In my last post in this series, I started to examine the probate file of Caleb W. Haws filed in Utah County, Utah. This particular file had 62 pages of documents. As I noted in the previous post, Caleb died in 1871 in England but his probate was ultimately not concluded until 1904. This illustrates an important fact about probate cases, they may be filed a relatively long time after death (in this case seven years) and not be concluded until many, many years after the death of the person. In addition, the probate action may take place a long way from where the person died.
To see the first part of this post see
The Ins and Outs of Probate for Genealogists - Part Seven - An Example of a Simple Probate File
At this point you may not be thinking that this file is so simple, but I can assure you that although it took a long time to finalize, this is a really simple probate file. Here is the next document in the file:
This is the coversheet for the Order Appointing the Administrator of the Estate filed July 22, 1878. Each formal document in a probate file may have a cover sheet. It is important to examine these cover sheets because they may contain key information about the file. Most court files carry a file number which helps to find and keep track of the file. The file number in this case is P183 at the bottom left of the page.
It is interesting to review the dates when certain documents were filed with the Court. Some of the steps in the probate process have time limits set by the local rules of probate procedure. It is the nature of the court system and lawyers, that most wait until the last minute to do something. If the case was a regular civil litigation claim or even a criminal matter, the court imposed deadlines would be much more stringent. But in a probate court, few of the actions have deadlines and if they do, they are generally very liberal about filings. In some cases, if the deadlines are ignored, you may see orders from the court (judge) requiring one or more of the parties to file a document. In my experience, probate matters are almost never dismissed by the court unless it appears the matter is completely resolved. But in civil and criminal matters, dismissal is more common for a variety of reasons.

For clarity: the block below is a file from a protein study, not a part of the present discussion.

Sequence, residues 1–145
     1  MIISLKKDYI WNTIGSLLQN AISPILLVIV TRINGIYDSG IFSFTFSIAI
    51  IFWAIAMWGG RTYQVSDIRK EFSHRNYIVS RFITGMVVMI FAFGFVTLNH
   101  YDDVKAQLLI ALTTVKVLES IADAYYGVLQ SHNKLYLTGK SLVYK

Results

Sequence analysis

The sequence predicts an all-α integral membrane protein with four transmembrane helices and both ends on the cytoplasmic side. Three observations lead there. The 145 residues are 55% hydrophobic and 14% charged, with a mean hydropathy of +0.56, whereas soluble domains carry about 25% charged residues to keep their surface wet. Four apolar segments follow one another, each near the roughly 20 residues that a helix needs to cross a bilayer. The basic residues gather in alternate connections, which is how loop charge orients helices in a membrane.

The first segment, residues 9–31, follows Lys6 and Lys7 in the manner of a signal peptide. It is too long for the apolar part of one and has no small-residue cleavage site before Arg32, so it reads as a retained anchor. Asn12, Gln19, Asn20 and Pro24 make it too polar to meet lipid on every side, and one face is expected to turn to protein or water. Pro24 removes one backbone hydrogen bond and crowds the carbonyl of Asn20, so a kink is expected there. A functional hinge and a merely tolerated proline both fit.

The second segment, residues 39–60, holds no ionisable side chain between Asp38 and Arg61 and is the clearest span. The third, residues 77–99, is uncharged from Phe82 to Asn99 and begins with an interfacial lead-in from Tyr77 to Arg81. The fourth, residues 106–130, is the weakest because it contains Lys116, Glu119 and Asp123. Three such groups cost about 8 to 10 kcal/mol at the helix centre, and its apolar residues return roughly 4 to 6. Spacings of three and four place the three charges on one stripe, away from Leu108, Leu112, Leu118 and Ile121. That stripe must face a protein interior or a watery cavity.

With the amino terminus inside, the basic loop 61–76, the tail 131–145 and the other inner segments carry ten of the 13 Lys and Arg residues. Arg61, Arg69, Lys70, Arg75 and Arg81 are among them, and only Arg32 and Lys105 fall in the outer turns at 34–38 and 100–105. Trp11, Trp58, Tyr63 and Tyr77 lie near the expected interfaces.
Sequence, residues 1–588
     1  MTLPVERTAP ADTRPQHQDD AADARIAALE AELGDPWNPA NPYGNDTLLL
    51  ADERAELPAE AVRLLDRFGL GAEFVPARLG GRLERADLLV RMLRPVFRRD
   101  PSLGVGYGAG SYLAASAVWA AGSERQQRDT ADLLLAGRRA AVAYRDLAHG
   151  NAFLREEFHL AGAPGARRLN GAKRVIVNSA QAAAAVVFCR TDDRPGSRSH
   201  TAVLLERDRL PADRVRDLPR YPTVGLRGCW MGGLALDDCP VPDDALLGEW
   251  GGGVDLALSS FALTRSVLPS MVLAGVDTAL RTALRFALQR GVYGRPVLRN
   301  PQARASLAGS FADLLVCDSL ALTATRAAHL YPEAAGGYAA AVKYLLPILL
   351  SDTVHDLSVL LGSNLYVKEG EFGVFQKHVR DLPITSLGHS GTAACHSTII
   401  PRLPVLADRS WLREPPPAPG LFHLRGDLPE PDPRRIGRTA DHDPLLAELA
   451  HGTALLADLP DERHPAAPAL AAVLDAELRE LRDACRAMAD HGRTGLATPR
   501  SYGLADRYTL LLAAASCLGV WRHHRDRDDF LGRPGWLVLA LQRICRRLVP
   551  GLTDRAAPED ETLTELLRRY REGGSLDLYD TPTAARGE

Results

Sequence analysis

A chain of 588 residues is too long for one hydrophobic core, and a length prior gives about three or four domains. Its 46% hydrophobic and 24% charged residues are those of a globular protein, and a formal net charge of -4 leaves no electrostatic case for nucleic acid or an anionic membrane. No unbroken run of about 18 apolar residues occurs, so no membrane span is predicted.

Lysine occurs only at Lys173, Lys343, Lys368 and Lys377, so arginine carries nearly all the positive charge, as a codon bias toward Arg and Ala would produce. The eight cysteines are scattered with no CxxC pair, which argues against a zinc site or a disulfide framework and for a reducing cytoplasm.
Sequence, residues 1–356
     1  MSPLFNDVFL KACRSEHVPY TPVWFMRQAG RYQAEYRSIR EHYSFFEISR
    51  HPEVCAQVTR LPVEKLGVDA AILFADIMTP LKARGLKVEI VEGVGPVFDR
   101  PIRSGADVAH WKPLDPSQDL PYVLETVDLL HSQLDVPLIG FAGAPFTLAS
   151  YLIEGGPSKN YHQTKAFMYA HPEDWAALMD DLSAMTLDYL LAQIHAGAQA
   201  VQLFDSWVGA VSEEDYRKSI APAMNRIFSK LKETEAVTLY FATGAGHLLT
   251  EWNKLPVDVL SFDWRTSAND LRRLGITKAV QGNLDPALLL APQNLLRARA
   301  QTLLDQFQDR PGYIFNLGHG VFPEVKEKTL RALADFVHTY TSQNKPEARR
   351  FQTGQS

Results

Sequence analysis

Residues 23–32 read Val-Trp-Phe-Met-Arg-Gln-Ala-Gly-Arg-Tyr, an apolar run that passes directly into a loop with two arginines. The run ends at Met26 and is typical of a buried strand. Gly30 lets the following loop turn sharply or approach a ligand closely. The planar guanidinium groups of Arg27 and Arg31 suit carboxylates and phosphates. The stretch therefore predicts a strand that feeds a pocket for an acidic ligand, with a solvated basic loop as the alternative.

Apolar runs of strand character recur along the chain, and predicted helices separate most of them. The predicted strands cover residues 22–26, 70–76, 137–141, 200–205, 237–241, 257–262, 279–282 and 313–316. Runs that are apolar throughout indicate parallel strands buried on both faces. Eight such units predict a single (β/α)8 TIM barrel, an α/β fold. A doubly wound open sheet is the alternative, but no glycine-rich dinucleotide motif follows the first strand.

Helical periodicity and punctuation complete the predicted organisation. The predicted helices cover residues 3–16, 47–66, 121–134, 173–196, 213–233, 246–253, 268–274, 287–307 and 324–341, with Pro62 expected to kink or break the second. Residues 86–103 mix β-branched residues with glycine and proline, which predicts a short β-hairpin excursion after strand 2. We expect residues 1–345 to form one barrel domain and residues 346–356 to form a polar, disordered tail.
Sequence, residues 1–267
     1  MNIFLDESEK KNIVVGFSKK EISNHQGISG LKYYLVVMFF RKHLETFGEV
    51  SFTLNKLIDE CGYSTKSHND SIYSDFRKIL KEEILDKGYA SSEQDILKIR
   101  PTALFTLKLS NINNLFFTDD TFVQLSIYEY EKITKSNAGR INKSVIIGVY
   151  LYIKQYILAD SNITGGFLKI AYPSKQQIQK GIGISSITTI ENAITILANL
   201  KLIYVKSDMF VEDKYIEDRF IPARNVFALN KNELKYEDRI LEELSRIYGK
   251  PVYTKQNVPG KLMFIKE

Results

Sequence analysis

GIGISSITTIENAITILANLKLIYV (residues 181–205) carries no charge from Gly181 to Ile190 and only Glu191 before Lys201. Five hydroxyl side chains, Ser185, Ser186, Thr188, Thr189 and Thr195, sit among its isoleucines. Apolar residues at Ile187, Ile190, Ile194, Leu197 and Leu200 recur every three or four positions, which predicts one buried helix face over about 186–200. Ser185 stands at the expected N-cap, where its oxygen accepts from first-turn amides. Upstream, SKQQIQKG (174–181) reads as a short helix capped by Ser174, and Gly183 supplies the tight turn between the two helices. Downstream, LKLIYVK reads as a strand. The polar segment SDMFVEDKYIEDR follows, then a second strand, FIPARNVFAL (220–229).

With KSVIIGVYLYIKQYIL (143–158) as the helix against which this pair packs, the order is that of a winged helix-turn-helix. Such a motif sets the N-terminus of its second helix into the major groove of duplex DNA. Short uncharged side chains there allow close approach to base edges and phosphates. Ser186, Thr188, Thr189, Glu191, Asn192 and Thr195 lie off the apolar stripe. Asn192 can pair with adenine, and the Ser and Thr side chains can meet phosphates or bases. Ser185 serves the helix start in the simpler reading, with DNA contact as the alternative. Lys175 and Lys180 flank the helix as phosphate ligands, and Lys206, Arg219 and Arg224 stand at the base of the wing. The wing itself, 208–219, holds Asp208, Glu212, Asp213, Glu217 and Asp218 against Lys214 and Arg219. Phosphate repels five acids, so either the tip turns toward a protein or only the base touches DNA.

The next step in the probate process involves the filing of an administrators bond. Here are the screenshots:
In this case, the deceased died intestate, that is without a will. Bear in mind that a probate action is not tied directly to a will. One of the main reasons for a probate action is to make sure the just debts and taxes of the deceased are paid before the property is distributed to the heirs. In most jurisdictions, any interested party can file a probate action for a deceased. For example, if a creditor is owed money and is concerned that the heirs will dissipate (distribute) the estate before the bill is paid, then the creditor can go to the court and force the estate to be probated and the bills paid. In addition, any one of the heirs, either with or without a will, could file a probate action in an attempt either to enforce the provisions of the will or to try to get the will disqualified and the property distributed in some other way.